Here we go with the proof. Proof: If A is skew-Hermitian, then A-star = -A. By Schur’s Theorem, there exists a unitary matrix U and upper triangular matrix T such that (U-star)AU = T. Then, (T-conjugate)-transpose = ((U-star)AU)-starred, which equals (U-star)(A-star)U, which is now (U-star)(-A)U, which is –((U-star)AU), which equals –T. Hence, T is also skew-Hermitian. Thus, T = –(T-star), so T is both upper and lower triangular, and hence diagonal.

What does this say about the eigenvalues of a skew-Hermitian matrix? We have diag(t11 through tnn) = T = –(T-star), which equals the diagonal matrix (–(t11-conjugate) up to –(tnn-conjugate)). Thus, tii = –(tii-conjugate), so all eigenvalues of a skew-Hermitian matrix are purely imaginary or 0.

Again, we will state this as a theorem. Theorem 11.5.6: If lambda is an eigenvalue of a skew-Hermitian matrix A, then lambda = ti for some real number t.

Although this doesn’t match the real case, this doesn’t seem so bad. Instead of just Hermitian matrices being diagonalizable, we have that Hermitian and skew-Hermitian matrices are diagonalizable.

Unitary Matrices

Example: The matrix U = [i/(square root 2), 1/(square root 2); -i/(square root 2), 1/(square root 2)] is unitarily diagonalizable, but not Hermitian nor skew-Hermitian. Notice that U is, in fact, unitary.

Theorem 11.5.7: Every unitary matrix A is unitarily diagonalizable.

Again, I will pause to let you think about the strategy that we will use for this proof. You should write it down explicitly and compare with what I do. The strategy I will use is first use Schur’s Theorem to get that A is unitarily similar to an upper triangular matrix T, and then prove that T has the same property as A—that is, prove that T is also unitary. Then, prove that every upper triangular unitary matrix is diagonal.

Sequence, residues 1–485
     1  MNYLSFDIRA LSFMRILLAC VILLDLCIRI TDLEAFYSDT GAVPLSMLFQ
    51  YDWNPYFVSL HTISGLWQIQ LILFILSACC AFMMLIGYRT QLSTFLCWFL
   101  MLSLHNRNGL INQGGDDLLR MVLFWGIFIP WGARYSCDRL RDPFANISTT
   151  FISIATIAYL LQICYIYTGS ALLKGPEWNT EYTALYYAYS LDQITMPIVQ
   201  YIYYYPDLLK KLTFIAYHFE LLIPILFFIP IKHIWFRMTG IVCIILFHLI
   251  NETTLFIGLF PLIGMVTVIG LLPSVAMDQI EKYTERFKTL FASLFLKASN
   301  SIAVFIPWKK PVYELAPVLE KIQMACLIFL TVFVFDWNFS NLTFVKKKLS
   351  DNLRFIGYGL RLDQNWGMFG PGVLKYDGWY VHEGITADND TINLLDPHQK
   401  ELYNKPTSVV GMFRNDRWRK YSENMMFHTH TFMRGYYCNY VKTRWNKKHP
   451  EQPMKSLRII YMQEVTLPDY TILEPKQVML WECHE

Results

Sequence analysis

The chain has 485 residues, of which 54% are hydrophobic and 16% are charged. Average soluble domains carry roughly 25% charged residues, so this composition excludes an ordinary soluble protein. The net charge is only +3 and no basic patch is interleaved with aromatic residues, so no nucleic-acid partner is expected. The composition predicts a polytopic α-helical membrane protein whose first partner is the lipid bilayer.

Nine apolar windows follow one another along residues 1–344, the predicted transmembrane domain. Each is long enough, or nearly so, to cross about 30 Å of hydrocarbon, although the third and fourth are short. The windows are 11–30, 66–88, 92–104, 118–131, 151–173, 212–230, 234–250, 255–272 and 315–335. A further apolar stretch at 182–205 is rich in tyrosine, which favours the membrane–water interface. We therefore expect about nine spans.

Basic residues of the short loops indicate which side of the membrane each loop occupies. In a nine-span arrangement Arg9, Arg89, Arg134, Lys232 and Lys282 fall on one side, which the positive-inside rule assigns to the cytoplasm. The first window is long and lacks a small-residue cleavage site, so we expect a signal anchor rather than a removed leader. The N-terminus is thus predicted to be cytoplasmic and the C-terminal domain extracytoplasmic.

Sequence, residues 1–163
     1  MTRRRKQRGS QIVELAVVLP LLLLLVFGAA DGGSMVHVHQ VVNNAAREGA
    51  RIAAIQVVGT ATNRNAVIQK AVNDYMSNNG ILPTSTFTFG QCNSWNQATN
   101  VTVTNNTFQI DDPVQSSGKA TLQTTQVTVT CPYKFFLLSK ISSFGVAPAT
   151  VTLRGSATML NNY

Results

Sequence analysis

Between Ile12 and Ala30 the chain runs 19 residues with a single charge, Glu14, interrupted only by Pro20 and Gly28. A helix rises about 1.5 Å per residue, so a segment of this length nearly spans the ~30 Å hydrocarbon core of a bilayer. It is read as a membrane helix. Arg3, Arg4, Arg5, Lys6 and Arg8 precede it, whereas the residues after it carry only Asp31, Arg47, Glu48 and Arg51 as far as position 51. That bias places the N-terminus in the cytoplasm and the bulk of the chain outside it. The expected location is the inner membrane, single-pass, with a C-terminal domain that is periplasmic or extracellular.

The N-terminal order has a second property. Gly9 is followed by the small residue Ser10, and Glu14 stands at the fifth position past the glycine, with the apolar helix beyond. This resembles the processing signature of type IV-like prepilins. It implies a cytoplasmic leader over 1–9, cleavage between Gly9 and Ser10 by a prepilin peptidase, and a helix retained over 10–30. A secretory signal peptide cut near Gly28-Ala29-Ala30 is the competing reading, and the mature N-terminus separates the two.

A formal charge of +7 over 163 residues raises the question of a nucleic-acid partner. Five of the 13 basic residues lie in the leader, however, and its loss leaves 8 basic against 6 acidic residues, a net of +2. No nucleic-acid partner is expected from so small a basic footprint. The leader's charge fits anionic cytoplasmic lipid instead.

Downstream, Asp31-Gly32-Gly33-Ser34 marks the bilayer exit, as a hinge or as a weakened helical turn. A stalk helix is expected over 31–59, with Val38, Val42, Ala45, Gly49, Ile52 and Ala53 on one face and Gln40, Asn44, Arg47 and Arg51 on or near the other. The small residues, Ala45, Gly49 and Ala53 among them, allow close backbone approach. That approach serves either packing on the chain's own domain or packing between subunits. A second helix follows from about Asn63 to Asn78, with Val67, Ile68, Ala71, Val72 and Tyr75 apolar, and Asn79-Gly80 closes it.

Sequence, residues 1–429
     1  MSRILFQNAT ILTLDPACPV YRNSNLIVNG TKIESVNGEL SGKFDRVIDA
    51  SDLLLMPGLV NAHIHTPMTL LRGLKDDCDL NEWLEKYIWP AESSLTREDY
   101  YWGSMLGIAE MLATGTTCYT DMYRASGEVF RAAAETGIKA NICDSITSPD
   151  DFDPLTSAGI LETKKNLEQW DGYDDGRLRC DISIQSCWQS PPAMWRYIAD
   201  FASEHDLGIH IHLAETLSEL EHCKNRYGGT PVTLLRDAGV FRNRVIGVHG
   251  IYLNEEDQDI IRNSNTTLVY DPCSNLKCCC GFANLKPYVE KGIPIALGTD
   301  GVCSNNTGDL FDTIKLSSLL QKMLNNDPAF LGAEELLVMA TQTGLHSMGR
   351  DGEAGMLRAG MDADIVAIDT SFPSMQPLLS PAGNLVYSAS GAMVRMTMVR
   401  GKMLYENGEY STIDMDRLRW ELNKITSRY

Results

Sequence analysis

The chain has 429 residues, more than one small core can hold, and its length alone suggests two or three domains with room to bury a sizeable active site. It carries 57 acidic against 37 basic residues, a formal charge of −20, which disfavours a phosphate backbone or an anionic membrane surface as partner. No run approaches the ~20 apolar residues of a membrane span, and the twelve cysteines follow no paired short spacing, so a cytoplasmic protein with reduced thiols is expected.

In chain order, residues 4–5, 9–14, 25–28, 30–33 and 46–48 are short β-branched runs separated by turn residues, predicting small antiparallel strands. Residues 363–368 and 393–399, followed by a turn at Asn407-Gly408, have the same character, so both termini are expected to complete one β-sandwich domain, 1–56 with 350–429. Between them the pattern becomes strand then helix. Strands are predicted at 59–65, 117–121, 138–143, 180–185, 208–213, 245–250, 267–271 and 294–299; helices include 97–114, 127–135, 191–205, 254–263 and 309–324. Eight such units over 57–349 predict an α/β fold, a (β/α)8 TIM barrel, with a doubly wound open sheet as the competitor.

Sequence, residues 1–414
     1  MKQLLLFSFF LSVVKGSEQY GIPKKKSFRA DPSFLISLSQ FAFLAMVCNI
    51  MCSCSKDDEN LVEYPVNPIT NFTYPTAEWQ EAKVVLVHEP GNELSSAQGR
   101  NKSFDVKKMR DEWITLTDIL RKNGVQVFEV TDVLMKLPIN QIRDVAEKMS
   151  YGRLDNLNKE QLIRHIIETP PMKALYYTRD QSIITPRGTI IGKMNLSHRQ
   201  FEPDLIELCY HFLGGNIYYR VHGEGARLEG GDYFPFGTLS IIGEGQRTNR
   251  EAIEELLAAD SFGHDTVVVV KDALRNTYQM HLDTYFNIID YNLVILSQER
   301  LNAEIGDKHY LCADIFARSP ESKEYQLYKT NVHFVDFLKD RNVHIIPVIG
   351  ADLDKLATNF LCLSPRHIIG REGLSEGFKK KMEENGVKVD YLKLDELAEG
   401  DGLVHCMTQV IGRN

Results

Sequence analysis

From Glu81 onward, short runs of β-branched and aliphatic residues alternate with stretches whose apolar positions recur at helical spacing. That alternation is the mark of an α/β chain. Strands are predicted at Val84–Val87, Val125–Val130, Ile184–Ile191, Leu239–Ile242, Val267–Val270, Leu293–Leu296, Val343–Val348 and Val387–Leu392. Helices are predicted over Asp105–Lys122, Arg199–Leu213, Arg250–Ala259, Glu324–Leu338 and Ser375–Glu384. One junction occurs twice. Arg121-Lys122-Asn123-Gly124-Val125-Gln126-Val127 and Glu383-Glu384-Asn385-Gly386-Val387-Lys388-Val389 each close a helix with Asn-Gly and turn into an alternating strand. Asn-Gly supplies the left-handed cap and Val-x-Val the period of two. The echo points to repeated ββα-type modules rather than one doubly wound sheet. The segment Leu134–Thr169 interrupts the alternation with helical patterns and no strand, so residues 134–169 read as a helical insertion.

Proof: If A is unitary, then A(A-star) = the identity matrix. By Schur’s Theorem, there exists a unitary matrix U and upper triangular matrix T such that (U-star)AU = T. Notice that since U-star, A, and U are all unitary, then T is also unitary by theorem from the last lecture. We now need to show that every upper triangular unitary matrix is diagonal. This will be a little trickier than the two previous proofs. Let T be the upper triangular matrix T = [t11, t12, to t1n; 0, t22, to t2n; all the way down to all zeroes to tnn]. Since T is unitary, the columns of T form an orthonormal basis for Cn. So, the first column must have length 1. That is, we have 1 = (the length of [t11 and all zeroes]), which is the absolute value of t11. Also, the columns are orthogonal, so we have 0 = (the inner product of the first column and the second column), which equals t11(the conjugate of t12). Since the absolute value of t11 equals 1, we know that t11 is not equal to 0, and therefore, we must have t12 = 0. Thus, the second column has the form [0; t22; and all zeroes]. So, repeating what we did above, now using the second and third columns, we get that the absolute value of t22 equals 1, and t13 and t23 both equal 0. Continuing in this way, we get that T is diagonal.

Note that this is not a totally formal proof. To be completely rigorous, instead of just saying “continuing in this way”, we should prove it by induction.

What have we proven about the eigenvalues of a unitary matrix? We have proven the following theorem. Theorem 11.5.8: If lambda is an eigenvalue of a unitary matrix A, then (the absolute value of lambda) = 1. Note, again, that this means the eigenvalue lambda can be any complex number on the unit circle in the complex plane.

So, all Hermitian, skew-Hermitian, and unitary matrices are unitarily diagonalizable. Are there more? Yes. The matrix A = [1, 0, 1; 1, 1, 0; 0, 1, 1] is also unitarily diagonalizable, but not Hermitian, skew-Hermitian, nor unitary. This strategy of guessing and checking which class of matrices is unitarily diagonalizable is obviously not a good approach. What approach would be better? Try to think about this before watching the next exciting lecture, where all will be revealed.

This ends this lecture.